Andre Eikmeier (21:41):
I’ve always been of the school where quick, let’s just get it up and get it out there and do it as we go. Yeah, well probably the most successful brand launch was Vinomofo so let’s look at the steps to that. We had spent four years building a community of people who cared about what we stood for, not what the product was. We then drive user registration, like, you know, register your interest. This is coming. So we had a timeline. We had a countdown, created some impetus around that and we’ve built some excitement and momentum toward it. And then it launched and it was something very simple and easy to understand it was one, one a month. So I guess they were the ingredients of it. We had an audit, we had a community built that we’re together because I cared about something and were, had it shared a common interest and a common set of values around it. Correct. And then we build up some tension to those people and use that tension to spread hopefully a bit wider than those people. And then, and then we launched with something that was simple and easy to understand.
Darren Moffatt (22:48):
Fantastic. I mean, that’s a real, uh, telling insight, you know, that I think a lot of entrepreneurs can really take from it’s about building the community first, before you go in, wants the product. Um, and it’s often, uh, it’s not easy. You know, everyone could build a community. Um, there’d be a lot more people doing it. Um,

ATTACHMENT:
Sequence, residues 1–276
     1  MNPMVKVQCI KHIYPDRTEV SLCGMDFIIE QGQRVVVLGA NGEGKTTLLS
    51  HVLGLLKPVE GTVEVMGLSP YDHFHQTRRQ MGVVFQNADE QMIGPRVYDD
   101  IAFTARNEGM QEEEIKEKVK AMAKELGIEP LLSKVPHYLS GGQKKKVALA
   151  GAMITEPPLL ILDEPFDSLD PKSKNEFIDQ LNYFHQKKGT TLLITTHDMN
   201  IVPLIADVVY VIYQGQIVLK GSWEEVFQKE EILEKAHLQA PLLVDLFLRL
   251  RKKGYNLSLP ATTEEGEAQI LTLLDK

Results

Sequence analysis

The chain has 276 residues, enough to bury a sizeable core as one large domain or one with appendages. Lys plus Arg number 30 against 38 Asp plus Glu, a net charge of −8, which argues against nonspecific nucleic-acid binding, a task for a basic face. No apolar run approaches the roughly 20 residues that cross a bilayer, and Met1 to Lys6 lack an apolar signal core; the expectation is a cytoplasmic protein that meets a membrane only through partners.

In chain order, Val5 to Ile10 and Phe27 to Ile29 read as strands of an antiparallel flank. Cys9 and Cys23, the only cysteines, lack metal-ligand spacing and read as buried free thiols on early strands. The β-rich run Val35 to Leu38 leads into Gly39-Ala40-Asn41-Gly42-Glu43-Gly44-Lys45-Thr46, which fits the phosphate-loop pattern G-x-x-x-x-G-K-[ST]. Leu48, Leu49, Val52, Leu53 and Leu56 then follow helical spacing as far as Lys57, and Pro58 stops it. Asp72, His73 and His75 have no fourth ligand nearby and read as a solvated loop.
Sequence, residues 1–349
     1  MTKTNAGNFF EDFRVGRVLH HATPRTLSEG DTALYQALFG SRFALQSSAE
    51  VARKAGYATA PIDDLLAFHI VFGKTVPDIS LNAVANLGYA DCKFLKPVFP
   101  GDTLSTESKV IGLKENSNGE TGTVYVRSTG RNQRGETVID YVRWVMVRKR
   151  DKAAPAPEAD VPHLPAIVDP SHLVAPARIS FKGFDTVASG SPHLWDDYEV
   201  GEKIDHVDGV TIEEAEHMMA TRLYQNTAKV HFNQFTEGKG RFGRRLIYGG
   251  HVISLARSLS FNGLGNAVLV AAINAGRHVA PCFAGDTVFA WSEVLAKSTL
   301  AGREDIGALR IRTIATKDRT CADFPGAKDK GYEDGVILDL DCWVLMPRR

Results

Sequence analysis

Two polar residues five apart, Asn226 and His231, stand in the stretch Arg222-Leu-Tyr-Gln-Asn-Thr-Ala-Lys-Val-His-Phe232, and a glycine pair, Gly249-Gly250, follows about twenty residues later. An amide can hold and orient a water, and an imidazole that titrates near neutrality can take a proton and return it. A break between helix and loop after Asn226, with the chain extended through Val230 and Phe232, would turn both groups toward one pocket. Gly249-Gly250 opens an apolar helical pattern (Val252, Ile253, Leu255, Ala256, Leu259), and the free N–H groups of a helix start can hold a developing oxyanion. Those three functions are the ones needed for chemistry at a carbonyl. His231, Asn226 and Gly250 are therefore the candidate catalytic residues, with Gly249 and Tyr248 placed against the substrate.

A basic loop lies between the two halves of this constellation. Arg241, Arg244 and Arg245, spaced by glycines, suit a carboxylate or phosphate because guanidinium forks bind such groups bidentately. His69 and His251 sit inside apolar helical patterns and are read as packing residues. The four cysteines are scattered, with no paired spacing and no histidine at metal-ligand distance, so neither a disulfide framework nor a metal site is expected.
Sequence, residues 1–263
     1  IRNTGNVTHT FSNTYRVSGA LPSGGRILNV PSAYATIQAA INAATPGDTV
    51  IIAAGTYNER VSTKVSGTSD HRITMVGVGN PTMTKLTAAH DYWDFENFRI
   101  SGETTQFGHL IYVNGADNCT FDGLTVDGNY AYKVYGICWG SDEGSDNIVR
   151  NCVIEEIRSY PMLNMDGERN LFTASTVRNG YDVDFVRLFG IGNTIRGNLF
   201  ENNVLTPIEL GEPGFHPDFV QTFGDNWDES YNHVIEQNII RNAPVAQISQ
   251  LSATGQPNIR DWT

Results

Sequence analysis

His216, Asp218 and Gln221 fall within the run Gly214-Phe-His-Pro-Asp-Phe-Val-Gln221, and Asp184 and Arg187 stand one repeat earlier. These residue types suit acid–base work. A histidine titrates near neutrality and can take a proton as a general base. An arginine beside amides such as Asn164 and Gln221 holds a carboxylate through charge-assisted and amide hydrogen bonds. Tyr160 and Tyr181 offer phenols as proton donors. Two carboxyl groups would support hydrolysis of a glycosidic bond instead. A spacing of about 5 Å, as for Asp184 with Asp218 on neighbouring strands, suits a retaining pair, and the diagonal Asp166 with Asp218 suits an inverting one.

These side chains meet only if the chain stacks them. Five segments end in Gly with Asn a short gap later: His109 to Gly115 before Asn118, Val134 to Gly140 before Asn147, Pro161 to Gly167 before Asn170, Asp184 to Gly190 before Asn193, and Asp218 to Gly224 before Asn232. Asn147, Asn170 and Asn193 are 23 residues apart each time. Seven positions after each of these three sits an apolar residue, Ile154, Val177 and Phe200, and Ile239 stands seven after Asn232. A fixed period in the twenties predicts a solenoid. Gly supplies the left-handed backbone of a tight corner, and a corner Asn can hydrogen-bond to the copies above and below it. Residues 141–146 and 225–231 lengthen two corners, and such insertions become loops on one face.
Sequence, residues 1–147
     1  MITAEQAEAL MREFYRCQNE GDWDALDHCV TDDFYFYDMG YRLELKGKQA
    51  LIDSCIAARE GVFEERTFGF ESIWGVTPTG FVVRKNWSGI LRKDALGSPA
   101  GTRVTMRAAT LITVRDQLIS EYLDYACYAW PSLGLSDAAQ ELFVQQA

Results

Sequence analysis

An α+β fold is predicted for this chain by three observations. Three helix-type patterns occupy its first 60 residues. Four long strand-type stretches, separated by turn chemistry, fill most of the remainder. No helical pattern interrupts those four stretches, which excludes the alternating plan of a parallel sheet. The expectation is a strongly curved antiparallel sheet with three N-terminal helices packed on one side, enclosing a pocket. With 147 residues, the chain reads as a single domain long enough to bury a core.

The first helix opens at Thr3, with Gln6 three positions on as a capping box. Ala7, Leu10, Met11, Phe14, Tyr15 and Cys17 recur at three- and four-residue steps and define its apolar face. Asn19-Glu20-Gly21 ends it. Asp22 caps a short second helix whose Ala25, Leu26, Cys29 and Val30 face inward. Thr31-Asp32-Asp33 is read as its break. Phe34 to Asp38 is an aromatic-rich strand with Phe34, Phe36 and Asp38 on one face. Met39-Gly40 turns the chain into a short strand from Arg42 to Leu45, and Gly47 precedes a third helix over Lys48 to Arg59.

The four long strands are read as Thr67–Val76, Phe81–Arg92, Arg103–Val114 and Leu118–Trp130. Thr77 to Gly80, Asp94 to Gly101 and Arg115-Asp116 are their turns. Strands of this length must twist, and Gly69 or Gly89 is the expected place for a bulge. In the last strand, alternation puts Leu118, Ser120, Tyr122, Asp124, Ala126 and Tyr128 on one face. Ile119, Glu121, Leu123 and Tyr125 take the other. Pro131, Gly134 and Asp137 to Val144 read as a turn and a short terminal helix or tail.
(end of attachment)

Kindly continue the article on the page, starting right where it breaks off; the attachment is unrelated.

Andre Eikmeier (23:07):
You don’t build a community around a product. You build a community around what you stand for.
Darren Moffatt (23:13):
If you’re a lover of peanut butter, then today’s feature story has probably already peaked your interest. But even if you’re not mad for peanut butter, there’s still loads of value in the interview with my next guest. You might remember him from episode two on brand positioning. Pic Picot is the founder of Pic’s peanut butter, one of the world’s most beloved peanut butter brands and operates out of Nelson in New Zealand and has an annual turnover of over $30 million. You’re about to hear the fascinating story of how Pic launched peanut butter world and the impact it had on his business, of course, your peanut butter world. And I I’d really love to hear you talk about that. You’ve recently launched this and it must’ve been a huge undertaking. Um, can you tell us a bit about that and why you took that step? Why did you launch peanut butter world? Uh,
Pic Picot (24:05):
Well, peanut butter world is, you know,
Darren Moffatt (24:09):
Pic Picot (24:10):